Edward Pentin began reporting on the Pope and the Vatican with Vatican Radio before moving on to become the Rome correspondent for the National Catholic Register. He has also reported on the Holy See and the Catholic Church for a number of other publications including Newsweek, Newsmax, Zenit, The Catholic Herald, and The Holy Land Review, a Franciscan publication specializing in the Church and the Middle East. Edward is the author of “The Rigging of a Vatican Synod? An Investigation into Alleged Manipulation at the Extraordinary Synod on the Family”, published by Ignatius Press. Follow him on Twitter @edwardpentin
The head of Germany’s most influential Catholic lay organization has said he foresees systemic Church reform, predicts possibly “more married priests” sometime soon, and notes a greater openness to change in the Vatican.
Thomas Sternberg, president of the Central Committee of German Catholics (ZdK), pointed to sexual abuse scandals, changes in sexual morality, and the participation of women in leadership positions as catalysts for change.
“Perhaps we’ll soon have more married priests,” he said.
Sternberg, who visited the Vatican March 7-9, told German Catholic news agency KNA that one is “unable to escape the conclusion that we need systemic reforms” also in Rome, and he pointed to the need to deal with homosexuality “as one of the great reform issues, sexuality and sexual morality in general.”
In terms of willingness to reform, Sternberg said some in the Vatican had changed their perspective. “Obviously a lot has changed,” he said, adding he felt there was a greater “openness” to discussion in Rome than two years ago.
“This concerns not only the abuse issue, but also questions of ecumenism, reception of the Eucharist, and freedom of theological teaching at universities,” Sternberg said.
Last year, the German bishops’ conference controversially decided to admit some Protestant spouses to Holy Communion, eventually obtaining Vatican and papal approval, despite some resistance from Vatican officials.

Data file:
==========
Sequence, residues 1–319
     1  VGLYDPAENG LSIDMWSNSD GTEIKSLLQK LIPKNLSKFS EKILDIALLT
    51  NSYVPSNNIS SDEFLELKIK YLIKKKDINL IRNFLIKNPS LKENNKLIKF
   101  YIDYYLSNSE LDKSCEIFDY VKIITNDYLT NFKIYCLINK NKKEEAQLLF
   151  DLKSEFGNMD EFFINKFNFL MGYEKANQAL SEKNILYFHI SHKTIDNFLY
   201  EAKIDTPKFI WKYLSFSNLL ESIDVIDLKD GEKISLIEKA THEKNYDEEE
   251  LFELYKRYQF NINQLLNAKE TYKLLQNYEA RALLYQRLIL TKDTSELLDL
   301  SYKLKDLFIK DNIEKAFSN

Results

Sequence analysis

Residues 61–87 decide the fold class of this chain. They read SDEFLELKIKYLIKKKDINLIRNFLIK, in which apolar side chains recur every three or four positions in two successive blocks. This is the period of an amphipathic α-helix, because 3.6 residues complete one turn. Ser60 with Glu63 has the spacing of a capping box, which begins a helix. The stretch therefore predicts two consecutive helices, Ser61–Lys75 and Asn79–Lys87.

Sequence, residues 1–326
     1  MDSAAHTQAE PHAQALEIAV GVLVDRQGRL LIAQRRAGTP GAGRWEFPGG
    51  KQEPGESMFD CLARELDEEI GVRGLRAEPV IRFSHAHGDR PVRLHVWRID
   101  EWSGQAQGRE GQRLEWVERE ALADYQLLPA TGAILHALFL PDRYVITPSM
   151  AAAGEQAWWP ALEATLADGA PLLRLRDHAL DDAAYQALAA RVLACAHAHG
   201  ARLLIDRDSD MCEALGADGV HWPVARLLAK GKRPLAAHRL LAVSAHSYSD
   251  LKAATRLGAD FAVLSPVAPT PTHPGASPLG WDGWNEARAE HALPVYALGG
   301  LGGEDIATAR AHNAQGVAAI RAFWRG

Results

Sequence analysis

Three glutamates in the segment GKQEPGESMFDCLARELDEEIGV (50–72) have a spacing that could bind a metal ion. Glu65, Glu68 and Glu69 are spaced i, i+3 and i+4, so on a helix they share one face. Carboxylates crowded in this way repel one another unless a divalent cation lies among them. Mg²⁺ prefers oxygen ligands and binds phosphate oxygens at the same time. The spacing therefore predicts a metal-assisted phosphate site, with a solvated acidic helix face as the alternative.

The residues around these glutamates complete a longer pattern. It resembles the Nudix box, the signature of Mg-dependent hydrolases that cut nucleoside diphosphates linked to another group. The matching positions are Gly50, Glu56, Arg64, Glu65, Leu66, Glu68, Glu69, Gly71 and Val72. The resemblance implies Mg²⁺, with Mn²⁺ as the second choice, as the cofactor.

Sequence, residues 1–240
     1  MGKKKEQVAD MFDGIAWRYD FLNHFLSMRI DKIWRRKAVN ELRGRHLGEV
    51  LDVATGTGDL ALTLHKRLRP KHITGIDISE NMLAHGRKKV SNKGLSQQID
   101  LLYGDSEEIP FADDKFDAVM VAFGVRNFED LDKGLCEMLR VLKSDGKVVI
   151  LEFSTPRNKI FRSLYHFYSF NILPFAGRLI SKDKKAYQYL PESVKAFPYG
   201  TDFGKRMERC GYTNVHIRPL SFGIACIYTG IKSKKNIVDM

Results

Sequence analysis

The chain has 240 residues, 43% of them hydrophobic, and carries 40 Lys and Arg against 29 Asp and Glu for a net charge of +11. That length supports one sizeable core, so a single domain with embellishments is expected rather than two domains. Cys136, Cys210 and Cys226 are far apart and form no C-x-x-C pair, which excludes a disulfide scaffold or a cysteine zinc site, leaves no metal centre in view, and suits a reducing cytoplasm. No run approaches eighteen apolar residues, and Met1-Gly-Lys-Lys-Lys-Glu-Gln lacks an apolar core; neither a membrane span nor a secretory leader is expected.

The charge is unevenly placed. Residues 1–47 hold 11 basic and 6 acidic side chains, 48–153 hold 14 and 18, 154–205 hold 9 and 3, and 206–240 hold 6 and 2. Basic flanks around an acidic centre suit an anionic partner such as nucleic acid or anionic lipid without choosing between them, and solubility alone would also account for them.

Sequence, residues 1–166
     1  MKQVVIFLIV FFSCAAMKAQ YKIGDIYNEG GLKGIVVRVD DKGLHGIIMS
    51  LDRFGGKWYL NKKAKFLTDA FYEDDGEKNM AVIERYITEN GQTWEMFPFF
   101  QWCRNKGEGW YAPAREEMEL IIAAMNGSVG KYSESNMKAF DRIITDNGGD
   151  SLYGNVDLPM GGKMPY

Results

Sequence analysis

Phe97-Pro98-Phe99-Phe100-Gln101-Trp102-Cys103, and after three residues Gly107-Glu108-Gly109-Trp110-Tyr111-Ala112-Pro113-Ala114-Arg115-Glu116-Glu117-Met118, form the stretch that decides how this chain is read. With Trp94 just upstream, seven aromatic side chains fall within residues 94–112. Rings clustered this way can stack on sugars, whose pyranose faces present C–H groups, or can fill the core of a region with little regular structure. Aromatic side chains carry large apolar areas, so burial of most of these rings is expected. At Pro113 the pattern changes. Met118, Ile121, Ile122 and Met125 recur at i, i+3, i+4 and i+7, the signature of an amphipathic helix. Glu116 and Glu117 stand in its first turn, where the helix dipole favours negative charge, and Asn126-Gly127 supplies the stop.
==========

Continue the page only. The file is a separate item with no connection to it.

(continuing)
Sternberg went on to say that the German bishops' conference could “feel encouraged” that reforms are “now really happening,” and that the “pressure of angry and disappointed” laypeople and public was “helpful.”
Continuing on from Cardinal Reinhard Marx’s speech at the recent summit on clerical Church abuse in which he focused on the need to reform Church administration, the lay leader called for building a system of “administrative justice” and a “separation of powers” in the Church.
He called for a strengthening of positions of leadership for women and better training of clergy, laity and others. “You have to realize that the Church needs reform in order to regain trust,” he said.
Sternberg also said that all must “make clear” a “reversal is taking place” as a loss of confidence has gone to the heart of Church circles.
Married Priests Soon?
His prediction regarding married priests comes in the face of persistent speculation that ordination of married men of proven virtue (viri probati) will be on the agenda at the upcoming Amazonian synod on October as an answer to a shortage of priests in the region.
Critics are concerned the move could then be expanded to other parts of the world, effectively overturning the tradition of clerical celibacy in the Latin Rite.
One source close to the German hierarchy told the Register that, given the influence of the country’s Church, he believes Sternberg’s comments effectively seal the outcome. “After the Amazon synod, we will have married priests,” he said.
The ZdK is well-known for its heterodoxy as well as its influence.
In 2015, five German bishops wrote a letter openly criticizing the organization after it called for the admittance of civilly remarried divorcees to Holy Communion, acceptance of all forms of cohabitation, the blessing of same-sex couples, and the reconsideration of the Church’s teaching on contraception.